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Report: Lira devaluation prompts ECB to monitor banks' exposure to Turkey

In light of the Turkish lira's sharp decline against the U.S. dollar so far in 2018, the European Central Bank has expressed concerns over the exposure to Turkey of some of Europe's biggest lenders, including Spain's Banco Bilbao Vizcaya Argentaria SA, Italy's UniCredit SpA and France's BNP Paribas SA, the Financial Times cited two people familiar with the matter as saying.

The Single Supervisory Mechanism, the ECB arm that monitors the region's largest banks, has been looking closely at banks' links with the country over the past few months, as the lira has weakened by roughly 35% against the U.S. dollar since the start of 2018, according to the report. The currency hit an all-time low of roughly 6 lira to the dollar in the morning of Aug. 10 after closing roughly 5% lower the previous day due to concerns about Europe's exposure to Turkey, the FT noted.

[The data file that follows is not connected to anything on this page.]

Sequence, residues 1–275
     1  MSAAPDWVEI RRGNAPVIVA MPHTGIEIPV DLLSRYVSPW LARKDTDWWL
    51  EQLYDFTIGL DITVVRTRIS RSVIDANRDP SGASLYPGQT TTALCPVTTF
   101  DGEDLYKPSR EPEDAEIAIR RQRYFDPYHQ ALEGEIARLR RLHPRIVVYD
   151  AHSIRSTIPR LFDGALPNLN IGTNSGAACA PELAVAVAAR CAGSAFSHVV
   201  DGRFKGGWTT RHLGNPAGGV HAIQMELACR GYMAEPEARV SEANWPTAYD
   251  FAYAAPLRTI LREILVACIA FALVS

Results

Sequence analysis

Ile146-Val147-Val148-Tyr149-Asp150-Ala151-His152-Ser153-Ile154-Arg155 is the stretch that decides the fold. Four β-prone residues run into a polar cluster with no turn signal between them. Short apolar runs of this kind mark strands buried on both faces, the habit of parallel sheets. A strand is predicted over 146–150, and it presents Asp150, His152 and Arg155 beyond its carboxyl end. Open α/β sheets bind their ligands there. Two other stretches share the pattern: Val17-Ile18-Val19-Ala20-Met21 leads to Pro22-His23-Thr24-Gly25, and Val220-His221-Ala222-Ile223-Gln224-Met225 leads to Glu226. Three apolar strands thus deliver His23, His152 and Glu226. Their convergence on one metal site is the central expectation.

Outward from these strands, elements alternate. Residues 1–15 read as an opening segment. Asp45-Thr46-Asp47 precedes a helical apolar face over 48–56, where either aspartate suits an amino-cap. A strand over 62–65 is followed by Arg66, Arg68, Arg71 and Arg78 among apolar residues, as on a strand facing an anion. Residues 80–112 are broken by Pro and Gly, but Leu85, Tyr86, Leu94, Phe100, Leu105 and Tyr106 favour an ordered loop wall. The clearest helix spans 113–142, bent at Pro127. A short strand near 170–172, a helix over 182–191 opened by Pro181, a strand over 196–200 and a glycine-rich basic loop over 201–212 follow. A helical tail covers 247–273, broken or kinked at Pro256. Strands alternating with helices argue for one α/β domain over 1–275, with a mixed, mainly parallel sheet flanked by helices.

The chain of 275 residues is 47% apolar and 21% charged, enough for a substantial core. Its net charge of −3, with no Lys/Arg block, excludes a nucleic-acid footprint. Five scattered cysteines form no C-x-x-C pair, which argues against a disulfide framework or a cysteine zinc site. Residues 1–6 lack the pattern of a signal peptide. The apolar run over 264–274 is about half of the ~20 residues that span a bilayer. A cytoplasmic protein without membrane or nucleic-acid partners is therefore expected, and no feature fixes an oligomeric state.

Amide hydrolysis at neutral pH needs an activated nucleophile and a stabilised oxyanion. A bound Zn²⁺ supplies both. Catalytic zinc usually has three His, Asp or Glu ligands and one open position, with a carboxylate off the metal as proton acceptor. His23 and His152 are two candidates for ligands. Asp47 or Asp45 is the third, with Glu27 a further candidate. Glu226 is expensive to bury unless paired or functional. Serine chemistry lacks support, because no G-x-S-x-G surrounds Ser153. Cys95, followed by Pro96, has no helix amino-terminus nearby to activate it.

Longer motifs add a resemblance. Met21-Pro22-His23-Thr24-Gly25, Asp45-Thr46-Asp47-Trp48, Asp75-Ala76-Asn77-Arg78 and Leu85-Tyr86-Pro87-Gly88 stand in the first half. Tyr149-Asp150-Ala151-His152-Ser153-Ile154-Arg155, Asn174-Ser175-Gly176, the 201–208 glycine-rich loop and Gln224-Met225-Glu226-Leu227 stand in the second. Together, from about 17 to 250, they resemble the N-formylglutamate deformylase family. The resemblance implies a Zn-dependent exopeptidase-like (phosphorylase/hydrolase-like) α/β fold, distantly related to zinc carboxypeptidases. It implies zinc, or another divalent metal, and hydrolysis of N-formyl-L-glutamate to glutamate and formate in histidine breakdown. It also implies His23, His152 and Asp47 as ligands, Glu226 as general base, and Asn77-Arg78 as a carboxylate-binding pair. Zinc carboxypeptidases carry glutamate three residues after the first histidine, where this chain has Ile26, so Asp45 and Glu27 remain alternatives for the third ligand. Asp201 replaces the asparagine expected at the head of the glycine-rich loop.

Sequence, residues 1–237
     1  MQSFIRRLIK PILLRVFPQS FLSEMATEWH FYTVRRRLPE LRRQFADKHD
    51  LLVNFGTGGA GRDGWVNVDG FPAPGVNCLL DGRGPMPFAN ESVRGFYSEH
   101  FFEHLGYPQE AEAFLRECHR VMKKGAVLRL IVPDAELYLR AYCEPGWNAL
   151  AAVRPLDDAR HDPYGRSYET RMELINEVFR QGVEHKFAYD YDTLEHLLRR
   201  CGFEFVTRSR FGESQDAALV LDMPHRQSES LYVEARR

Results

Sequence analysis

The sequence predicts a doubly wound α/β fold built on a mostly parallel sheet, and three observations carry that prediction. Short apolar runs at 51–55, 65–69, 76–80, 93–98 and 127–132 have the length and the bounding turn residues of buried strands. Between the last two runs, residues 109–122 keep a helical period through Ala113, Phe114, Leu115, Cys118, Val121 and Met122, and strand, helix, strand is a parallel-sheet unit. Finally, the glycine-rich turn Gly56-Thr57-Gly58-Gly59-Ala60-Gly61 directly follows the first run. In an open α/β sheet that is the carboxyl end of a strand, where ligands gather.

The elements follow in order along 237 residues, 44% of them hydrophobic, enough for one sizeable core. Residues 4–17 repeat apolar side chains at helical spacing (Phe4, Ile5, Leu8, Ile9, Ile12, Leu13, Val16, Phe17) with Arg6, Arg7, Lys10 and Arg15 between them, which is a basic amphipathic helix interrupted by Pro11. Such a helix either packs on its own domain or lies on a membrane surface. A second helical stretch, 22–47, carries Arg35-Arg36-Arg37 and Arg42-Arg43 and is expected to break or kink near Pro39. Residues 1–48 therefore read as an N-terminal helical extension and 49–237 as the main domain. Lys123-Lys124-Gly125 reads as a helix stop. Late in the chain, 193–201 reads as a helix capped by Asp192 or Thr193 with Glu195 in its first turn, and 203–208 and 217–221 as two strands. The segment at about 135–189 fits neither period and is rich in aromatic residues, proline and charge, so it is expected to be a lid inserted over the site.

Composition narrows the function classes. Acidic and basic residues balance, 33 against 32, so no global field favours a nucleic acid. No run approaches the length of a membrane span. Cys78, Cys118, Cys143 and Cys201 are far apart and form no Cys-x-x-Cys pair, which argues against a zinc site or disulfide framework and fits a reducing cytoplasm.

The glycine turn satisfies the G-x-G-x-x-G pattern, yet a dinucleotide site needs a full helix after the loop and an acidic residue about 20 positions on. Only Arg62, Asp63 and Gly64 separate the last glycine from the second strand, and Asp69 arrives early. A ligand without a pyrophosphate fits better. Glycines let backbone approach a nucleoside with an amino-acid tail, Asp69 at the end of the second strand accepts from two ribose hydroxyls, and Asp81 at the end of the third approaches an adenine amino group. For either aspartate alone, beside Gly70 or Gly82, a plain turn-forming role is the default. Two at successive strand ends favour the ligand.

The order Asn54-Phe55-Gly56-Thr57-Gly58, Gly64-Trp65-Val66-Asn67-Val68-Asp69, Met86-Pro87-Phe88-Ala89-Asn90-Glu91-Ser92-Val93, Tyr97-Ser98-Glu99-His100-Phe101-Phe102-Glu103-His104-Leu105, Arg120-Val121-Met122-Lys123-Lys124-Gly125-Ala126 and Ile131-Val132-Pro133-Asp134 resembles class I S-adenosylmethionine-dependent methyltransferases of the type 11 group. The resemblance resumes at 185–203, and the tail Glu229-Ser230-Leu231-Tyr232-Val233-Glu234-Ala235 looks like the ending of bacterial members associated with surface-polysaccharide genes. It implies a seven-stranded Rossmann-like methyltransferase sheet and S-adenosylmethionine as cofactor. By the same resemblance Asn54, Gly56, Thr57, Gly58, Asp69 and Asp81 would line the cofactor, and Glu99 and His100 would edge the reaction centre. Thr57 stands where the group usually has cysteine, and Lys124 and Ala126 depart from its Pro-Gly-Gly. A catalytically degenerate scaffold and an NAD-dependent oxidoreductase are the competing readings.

The ECB is said to be worried about the possibility that Turkish borrowers might default on foreign-currency loans, which comprise approximately 40% of Turkey's banking sector assets, if they are not protected against the lira's decline. The local banks are exposed too, because of the sheer scale of foreign-currency borrowing in Turkey, the FT said.

However, the finance ministry of Turkey maintained that a robust capital structure and solid balance sheets will protect the country's banking sector, according to the report.